A database management system (DBMS) is the software that allows users to store, modify and retrieve information from a database as per the requirements. DBMS have a number of advantages and disadvantages compared to their alternatives (often file processing systems).

Advantages Of DBMS

Reduced redundancy

In file system based storage, each application has its own private files which it cannot share with other applications. This often leads to redundancy, a situation where the same data is replicated across several files. Such existence of multiple copies of the same data is wasteful of storage space. DBM systems are designed to reduce unnecessary redundancy.

Minimised inconsistency

The aforementioned existence of multiple copies of the same data in file processing systems becomes especially problematic when this data has to be updated or modified in any way. This can lead to situations where what should be the exact same data varies across different files. Suppose an organisation stores an employee’s information in a file processing system. If there are multiple copies of this information it becomes more likely that when it has to be updated (say a change of residential address) not all copies will be updated. The employee information therefore becomes inconsistent with different files or branches of the organisation having different addresses for the same employee. DBM systems allow any changes made to stored data to propagate throughout the organisation.

Standards can be enforced

Since a DBMS is a central system, standards can be enforced for all its users and applications. Standards are particularly important during migration or interchange of the data. Compare this with a traditional file system which is an independent system so standards cannot be easily enforced across multiple independent applications.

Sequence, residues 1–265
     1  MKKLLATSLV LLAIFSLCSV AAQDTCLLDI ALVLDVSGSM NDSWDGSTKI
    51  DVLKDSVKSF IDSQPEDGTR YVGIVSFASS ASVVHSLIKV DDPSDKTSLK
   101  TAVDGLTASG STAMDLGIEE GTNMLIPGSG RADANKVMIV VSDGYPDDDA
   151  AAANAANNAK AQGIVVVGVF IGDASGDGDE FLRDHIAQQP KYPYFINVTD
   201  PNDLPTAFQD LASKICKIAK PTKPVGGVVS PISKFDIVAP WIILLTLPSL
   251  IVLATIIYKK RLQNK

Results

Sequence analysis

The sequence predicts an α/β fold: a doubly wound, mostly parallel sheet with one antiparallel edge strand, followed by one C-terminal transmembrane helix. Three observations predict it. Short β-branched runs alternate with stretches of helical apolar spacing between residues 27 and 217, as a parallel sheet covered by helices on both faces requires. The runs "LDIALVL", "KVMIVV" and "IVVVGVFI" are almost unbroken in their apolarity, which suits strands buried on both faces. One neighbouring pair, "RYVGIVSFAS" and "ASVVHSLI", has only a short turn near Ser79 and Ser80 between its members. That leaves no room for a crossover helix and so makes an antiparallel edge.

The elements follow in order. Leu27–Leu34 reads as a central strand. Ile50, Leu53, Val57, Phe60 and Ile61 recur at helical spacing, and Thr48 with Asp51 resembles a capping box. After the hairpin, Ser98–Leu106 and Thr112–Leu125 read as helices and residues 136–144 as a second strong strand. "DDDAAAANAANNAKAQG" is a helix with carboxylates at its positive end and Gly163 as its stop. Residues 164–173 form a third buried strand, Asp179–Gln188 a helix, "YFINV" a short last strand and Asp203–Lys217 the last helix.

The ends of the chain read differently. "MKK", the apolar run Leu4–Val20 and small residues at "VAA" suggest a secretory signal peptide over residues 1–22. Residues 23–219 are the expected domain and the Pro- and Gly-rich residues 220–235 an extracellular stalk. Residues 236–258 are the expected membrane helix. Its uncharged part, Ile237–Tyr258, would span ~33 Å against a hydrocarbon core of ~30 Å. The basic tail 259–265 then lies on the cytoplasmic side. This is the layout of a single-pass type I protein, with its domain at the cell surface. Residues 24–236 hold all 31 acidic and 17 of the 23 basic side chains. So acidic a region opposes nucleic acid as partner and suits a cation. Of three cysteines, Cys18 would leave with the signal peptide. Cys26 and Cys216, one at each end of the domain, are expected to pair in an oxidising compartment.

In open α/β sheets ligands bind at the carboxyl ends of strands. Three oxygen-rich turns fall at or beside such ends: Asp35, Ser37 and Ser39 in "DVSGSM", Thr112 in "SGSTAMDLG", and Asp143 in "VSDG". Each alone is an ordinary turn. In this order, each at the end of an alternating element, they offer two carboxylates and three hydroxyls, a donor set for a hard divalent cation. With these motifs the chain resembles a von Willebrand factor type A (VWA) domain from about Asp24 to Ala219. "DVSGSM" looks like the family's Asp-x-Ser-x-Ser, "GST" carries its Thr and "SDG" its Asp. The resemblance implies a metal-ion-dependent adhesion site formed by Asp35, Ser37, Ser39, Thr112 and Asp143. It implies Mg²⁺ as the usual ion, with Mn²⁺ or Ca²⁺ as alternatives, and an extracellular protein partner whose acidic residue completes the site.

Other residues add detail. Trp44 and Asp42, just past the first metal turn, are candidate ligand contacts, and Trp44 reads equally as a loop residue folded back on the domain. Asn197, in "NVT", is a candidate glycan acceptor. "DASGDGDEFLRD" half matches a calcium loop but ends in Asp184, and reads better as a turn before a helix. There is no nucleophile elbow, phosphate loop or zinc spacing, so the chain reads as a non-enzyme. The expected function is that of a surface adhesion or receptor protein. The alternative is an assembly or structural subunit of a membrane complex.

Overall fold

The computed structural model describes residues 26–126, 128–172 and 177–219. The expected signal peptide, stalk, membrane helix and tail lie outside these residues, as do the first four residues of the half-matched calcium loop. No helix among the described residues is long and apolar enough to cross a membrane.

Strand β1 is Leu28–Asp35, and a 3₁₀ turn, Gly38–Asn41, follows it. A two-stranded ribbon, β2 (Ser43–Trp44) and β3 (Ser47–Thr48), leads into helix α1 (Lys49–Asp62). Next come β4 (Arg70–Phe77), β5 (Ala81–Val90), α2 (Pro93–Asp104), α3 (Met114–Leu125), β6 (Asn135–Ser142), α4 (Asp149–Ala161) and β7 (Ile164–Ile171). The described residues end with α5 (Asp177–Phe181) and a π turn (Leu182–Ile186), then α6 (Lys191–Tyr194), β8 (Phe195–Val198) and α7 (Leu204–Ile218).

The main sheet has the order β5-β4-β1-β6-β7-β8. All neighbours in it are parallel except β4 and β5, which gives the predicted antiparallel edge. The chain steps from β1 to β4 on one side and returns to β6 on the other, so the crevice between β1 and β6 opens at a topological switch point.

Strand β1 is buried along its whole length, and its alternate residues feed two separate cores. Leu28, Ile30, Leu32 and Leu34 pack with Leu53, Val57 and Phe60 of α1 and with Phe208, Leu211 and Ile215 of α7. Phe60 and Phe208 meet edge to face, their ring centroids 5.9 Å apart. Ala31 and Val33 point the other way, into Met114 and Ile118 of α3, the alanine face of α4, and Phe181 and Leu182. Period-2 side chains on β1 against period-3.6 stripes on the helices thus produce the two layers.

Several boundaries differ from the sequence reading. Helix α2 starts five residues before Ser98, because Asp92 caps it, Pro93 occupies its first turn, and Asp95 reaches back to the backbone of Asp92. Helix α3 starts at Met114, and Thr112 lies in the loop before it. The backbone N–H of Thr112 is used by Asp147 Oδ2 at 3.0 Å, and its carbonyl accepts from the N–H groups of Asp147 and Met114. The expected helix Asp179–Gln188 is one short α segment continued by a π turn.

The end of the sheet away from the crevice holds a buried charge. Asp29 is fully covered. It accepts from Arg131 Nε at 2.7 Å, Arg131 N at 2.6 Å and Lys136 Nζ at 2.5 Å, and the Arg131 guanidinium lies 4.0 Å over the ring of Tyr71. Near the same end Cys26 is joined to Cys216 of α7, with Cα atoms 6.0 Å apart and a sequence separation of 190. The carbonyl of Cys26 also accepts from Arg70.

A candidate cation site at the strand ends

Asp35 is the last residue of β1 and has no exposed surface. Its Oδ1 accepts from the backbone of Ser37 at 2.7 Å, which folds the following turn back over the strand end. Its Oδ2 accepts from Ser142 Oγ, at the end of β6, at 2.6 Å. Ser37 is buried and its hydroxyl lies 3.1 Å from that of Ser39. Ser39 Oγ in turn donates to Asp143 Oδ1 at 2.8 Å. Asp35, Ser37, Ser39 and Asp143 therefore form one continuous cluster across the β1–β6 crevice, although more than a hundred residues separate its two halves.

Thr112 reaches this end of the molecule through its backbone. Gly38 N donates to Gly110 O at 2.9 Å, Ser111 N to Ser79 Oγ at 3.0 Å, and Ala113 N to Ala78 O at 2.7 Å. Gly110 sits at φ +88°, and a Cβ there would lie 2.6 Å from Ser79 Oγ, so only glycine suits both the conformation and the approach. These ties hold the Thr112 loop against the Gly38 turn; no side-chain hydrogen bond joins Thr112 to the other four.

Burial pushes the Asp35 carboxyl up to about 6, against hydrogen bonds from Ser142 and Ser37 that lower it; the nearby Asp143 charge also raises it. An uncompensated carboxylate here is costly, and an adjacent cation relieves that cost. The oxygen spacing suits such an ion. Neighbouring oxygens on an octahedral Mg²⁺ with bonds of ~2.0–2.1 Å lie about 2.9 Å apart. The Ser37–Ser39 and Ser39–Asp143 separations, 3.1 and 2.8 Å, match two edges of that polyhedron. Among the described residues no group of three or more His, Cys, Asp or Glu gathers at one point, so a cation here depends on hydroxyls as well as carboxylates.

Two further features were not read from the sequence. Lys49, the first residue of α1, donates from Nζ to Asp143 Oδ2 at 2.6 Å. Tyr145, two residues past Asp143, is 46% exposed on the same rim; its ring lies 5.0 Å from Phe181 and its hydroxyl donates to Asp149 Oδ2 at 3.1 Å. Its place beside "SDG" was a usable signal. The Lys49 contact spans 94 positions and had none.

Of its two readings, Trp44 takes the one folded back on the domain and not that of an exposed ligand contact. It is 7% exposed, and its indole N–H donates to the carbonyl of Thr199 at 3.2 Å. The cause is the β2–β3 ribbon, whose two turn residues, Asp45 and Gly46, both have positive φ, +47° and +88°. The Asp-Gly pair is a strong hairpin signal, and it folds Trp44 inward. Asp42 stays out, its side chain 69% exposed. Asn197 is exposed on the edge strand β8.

Data can be shared

A centralized DBMS can be shared by multiple applications. These applications can be developed to operate against the same saved data.

Improved data security

When multiple users share a database, it is often the case that it is undesirable that all these users have equal access to the data. A DBMS can be used to control who can access or modify what piece(s) of information. A system of accounts and passwords is used where each account/user can have different access privileges from the others.

Concurrent access

Many DBM systems allow several of their users to access them at the same time. Such DBMS can therefore safely handle multiple users and applications accessing the same information (and sometimes modifying it), a process which can lead to conflicts and errors if not managed properly.

Provides backup

Centralised storage of data makes the process of backing up easier. This is important since the information in a database should be salvageable even in the case of a hardware or software failure.

Better data integration

Access to centralised and properly managed information from different branches of the same organisation allows one to have a unified view of the data from different sources. Wider access to well-managed and centralised data promotes an integrated view of the organisation’s operations and a clearer view of the big picture. It then becomes easier to see how actions in one end of the company affect the other.

Improved data access